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with the Father. Isaiah also foretold the contempt and cruelty with which Christ would be treated, in the days of his humanity. "He shall grow up as a tender plant, and as a root out of a dry ground: he hath no form nor comeliness: and when we shall see him, there is no beauty that we should desire him. He is despised and rejected of men; a man of sorrows, and acquainted with grief: and we hid as it were our face from him: he was despised, and we esteemed him not. He was oppressed, and he was afflicted, yet he opened not his mouth: he was brought as a lamb to the slaughter, and as a sheep before her shearers is dumb, so he opened not his mouth." The prophets were inspired to foretel these effects of Christ's appearance in the flesh, because God intended, by bringing him into the world, to try the hearts of men, and draw forth those feelings which they really possessed, but were unwilling to acknowledge.

2. It appears from the history of Christ, that he fulfilled the predictions which went before concerning him, and tried the hearts of all, who either heard him preach, or saw his miracles, or were any way acquainted with him. He was a sign universally spoken against. Herod and all Jerusalem were alarmed at the news of his birth, and began to speak and act against him, even before they saw him. When he appeared as a preacher, he tried the hearts of all who attended his public or private discourses. Some said, he spake as never man spake; but others said, he deceived the people. Some heard him gladly; but others heard him with disgust and indignation. Some admired his miracles; but others despised and blasphemed them. Some said, God was with him; but others said, he was assisted by Satan. He tried multitudes by his crucifixion, as well as by his miracles and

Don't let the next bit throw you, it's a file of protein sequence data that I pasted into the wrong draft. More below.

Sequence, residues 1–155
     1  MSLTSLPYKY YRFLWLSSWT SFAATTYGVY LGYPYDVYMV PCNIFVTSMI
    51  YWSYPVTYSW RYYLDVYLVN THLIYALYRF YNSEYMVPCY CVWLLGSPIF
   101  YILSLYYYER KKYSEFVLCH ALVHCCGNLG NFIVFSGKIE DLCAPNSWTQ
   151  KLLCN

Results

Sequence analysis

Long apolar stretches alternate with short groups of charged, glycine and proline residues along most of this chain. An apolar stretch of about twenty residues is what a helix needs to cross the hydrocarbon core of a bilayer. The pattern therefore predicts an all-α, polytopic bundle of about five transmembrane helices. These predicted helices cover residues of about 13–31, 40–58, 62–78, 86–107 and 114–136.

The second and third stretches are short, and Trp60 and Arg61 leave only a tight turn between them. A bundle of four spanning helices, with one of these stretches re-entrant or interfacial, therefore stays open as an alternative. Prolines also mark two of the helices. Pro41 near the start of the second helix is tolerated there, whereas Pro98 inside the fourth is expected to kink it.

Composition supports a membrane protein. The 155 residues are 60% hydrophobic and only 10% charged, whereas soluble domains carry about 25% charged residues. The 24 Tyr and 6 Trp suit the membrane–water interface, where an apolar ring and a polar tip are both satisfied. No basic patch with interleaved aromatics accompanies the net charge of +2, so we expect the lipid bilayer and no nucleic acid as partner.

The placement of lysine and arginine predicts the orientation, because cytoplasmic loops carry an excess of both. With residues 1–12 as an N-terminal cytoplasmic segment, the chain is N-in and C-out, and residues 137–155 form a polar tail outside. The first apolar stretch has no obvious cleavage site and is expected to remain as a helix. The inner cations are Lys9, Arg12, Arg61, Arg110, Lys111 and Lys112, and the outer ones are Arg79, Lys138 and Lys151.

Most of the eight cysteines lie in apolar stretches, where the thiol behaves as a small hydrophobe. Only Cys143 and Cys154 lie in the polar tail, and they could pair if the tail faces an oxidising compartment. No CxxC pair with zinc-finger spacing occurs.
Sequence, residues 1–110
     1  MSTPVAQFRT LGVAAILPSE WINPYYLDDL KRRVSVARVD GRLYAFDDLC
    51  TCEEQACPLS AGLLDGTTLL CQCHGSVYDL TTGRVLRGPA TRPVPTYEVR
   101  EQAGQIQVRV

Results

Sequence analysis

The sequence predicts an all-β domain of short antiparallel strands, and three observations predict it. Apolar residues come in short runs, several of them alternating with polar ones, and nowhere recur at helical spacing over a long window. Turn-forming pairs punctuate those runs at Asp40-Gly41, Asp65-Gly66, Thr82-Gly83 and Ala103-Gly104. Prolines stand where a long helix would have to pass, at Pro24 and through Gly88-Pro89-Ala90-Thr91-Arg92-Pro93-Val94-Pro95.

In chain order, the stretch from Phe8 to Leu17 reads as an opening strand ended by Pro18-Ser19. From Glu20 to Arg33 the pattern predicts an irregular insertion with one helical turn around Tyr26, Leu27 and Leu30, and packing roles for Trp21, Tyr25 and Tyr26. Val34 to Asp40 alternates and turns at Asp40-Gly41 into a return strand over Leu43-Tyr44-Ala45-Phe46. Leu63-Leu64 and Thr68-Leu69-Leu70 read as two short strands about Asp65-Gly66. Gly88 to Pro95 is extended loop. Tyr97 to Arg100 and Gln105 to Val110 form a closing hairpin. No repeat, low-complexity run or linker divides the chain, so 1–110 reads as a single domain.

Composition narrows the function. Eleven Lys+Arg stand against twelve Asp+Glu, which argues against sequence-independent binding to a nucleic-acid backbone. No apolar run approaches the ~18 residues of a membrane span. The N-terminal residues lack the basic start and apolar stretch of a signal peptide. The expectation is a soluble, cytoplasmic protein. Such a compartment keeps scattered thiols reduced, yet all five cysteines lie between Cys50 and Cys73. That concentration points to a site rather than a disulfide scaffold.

preaching. Then, like a sword, he pierced the heart of his mother, and of his peculiar friends and followers. Then, he tried the hearts of the two malefactors, who suffered and died by his side. Then, he tried the hearts of his murderers, and made it appear, that they were more cruel than the savage beasts of prey. Then, he tried the hearts of all the spectators of that solemn scene, who were very differently affected by the awful spectacle of his death. He constrained them all to express their real feelings on that extraordinary occasion. While some railed and some mocked, the centurion glorified God, saying, certainly this was a righteous man. And all the people that came together to that sight, beholding the things that were done, smote their breasts, and returned. Christ was like a fuller's soap, and a refiner's fire. He tried the hearts of thousands, both while he lived and when he died. He was always saying, or doing something, which had a direct tendency to try the hearts of all his friends and foes.